That as the machinery of government, including the armed forces of the nation, exists only to conserve the monopoly by the capitalist class of the wealth taken from the workers, the working class must organise consciously and politically for the conquest of the powers of government, national and local, in order that this machinery, including these forces, may be converted from an instrument of oppression into the agent of emancipation and the overthrow of privilege, aristocratic and plutocratic.

This Principle of the Socialist Party of Great Britain comes under attack from several directions; from those who deny that the machinery of government exists for the purpose stated; from those who deny the working class must organise “consciously and politically”; from those who deny that the working class can or should gain control of the existing machinery of government; and from those who deny that it can be converted from an instrument of oppression into the agent of emancipation.

The machinery of government consists of law making and law enforcement organisations, Parliament and local councils (and similar bodies in other countries), administrative and tax gathering departments, law courts, police and the armed forces and the whole network of governmental agencies.

Can it really be maintained that this machinery exists only to conserve the monopoly by the capitalist class of wealth taken from the workers? The critics argue that much governmental activity (for example education and the factory laws) does not appear to be concerned with the protection of capitalist property; that the worker as well as the capitalist can invoke the law's protection; and that the armed forces protect the whole nation, not merely the capitalists. These critics miss the point of the statement. It is not concerned with the multiplicity of functions incidentally carried on by governments but with the reason why the machinery of government, including the armed forces, exists.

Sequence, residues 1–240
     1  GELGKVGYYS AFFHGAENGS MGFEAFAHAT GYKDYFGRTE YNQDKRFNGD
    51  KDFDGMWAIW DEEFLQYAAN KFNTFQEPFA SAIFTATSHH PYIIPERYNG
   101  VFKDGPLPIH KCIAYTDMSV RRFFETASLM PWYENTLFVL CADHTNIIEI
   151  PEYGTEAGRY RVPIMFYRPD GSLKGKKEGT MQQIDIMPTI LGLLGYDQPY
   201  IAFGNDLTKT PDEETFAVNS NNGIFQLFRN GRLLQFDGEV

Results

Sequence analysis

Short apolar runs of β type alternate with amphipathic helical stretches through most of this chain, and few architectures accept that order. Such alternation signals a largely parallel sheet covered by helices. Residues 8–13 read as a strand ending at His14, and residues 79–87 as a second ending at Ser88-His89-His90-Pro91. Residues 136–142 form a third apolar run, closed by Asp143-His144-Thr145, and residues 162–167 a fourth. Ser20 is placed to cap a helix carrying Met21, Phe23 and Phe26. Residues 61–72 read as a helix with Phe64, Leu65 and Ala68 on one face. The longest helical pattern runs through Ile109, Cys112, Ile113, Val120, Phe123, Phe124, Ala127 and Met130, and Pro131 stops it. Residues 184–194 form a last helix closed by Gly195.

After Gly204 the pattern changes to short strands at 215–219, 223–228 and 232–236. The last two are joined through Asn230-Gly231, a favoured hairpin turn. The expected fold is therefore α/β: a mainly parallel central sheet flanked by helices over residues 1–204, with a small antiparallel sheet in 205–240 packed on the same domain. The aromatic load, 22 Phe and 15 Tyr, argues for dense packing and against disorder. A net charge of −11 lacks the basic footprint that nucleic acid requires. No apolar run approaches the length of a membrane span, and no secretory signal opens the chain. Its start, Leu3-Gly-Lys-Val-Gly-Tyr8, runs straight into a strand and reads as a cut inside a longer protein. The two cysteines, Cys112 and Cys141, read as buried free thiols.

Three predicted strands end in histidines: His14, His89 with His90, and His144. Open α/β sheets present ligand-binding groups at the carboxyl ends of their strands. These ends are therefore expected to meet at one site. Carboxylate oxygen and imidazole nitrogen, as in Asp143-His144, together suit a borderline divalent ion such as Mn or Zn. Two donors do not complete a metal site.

As has already been pointed out, it is the working class who produce the wealth and their labour that has built up the great accumulations of wealth represented in the means of production and distribution but they do not own the wealth produced or the means of production and distribution. A working class that produces but does not possess, is made possible by capitalist control of the machinery of government, including the armed forces.

The other functions carried out by governments arise out of the need to deal with problems thrown up by capitalism, and generally, to ensure that the system operates with as little disruption as possible.

The armed forces are there to back up the enforcement of capitalist laws, above all laws protecting property rights, and to protect British capitalism against encroachment and attack by foreign capitalist groups.

Next comes the reference to the need for the working class “to organise consciously and politically”. Particular significance attaches to the word “consciously”. It is of no use to organise politically if the basis and purpose of the political organisation, as in the Labour Party, is to try to run capitalism differently and to “improve” it with reforms. The political organisation required to achieve Socialism must be made up of people who understand thoroughly the object for which they are organising, and what Socialism means.

There are other critics who maintain that political organisation and action are not necessary or are actually harmful. They pin their hope on industrial organisation, either the existing trade unions or unions with some other structure. This is a vain hope. However well unions may operate in negotiating about wages and working conditions to protect the workers' standard of living they only function within the capitalist system. The great majority of trade unionists accept the continuance of capitalism with its wage relationship between employers and employed; they do not understand and want Socialism. Consequently, while in their ordinary activities trade union members are in conflict with employers and periodically come into direct confrontation with the capitalist State, as non-socialists they continue to vote capitalist parties (including the Labour Party) into control of the machinery of government, a control that is then used by the government against the workers who put them in power.